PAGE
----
Cars are more than just functional objects. Their design also plays an important role – which doesn’t exactly make the safe and most efficient installation of solar panels any easier. For this reason, the Fraunhofer Institute for Solar Energy Systems (Fraunhofer ISE) has developed a new coating technology. Using it, solar cells can be integrated practically invisibly into the outer shell of vehicles. The masterstroke is that the solar cells disappear behind a paint finish which allows a large part of the sunlight to pass through, whilst also radiating light to the outside in dazzling color. All this is achieved by exploiting an interference effect whereby only a very narrow range of wavelengths in the light is reflected. The rest pass through the coating and are absorbed by the solar cells. It’s a trick that the Freiburg-based researchers observed in the American Morpho butterfly and have introduced into proprietary panoramic glass roofs, along with laminated solar cells.

FraunhoferISE installs its invisible solar panels in commercially available panorama roofs. © ISE

According to Fraunhofer ISE, the coating – known as MorphoColor – can be produced in any color, and with high saturation. It should only reduce the efficiency of the solar cells by an average of seven per cent, compared to solar modules with conventional glass coverings. After the ISE exhibited the invisible solar modules as early as 2019 at the IAA, the development is entering a next research phase. For this purpose, 100 vehicles have been equipped with the invisible solar panels and are undergoing a three-year practical test, which will run until the end of this year. The data from the study is intended to provide realistic long-term values, and might make it easier for manufacturers to take the step to using the technology in the mass market. Whether or not that is the case, the researchers’ premise is that their solar roof can provide energy for a distance of up to 10 km, on a sunny day.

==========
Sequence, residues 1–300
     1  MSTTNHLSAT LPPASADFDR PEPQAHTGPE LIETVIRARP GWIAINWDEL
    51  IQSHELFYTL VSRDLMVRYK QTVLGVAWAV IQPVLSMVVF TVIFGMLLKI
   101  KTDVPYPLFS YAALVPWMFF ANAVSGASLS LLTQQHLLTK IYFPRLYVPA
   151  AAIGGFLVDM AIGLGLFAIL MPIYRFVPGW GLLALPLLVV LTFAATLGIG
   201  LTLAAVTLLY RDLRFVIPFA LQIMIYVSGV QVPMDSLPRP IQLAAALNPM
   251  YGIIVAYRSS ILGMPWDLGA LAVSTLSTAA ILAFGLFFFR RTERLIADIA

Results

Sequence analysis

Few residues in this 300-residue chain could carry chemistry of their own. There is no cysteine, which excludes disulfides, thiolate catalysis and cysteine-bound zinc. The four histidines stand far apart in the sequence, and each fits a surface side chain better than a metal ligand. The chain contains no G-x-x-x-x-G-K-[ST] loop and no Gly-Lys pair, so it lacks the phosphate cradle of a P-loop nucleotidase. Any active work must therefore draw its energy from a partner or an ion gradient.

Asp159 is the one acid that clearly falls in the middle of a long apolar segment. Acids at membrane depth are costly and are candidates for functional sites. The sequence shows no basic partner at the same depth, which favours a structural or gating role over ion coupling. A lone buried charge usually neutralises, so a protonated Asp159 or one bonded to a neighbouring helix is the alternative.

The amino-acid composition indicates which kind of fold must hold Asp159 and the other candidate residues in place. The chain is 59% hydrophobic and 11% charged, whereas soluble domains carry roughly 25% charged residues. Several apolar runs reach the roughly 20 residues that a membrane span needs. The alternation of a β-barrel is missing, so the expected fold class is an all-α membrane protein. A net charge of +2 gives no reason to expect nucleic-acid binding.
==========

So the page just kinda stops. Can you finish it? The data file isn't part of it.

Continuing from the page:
Whether flexible or transparent, on the roof of a car or above it - organic solar cells bring many new application possibilities. © LABOR3 Architektur

Organic solar cells: semi-transparent, fully inspired

The Dresden technology company Heliatek is taking a completely different approach. As a leading international manufacturer of organic solar cells, the TU Dresden spin-off specializes in the manufacture of solar films. The flexible films are ultra-thin, light and based on carbon compounds which are significantly cheaper and more sustainable than the materials in conventional solar cells. The technology is already being successfully used on the façades of homes and buildings. Heliatek has been mass-producing the flexible films since 2020. As they can readily be glued onto a wide range of materials, the films are also suitable for use in vehicles – and not just on the roof or engine hood, but also in the glass. It’s all made possible by something called opaque cells, i.e. organic semiconductors which only absorb a certain part of the incident light, allowing the rest to pass through. And it’s a technology which has even caused the Fraunhofer ISE in Freiburg to sit up and take notice. It has a project team currently dedicated to investigating the possibility of installing organic solar panels over motorways. According to ISE engineer Martin Heinrich this is still some way off, but the example shows that the new solar technologies are enabling wide-ranging potential applications beyond the conventional approaches.

(Stage photo: © Fisker Automotive)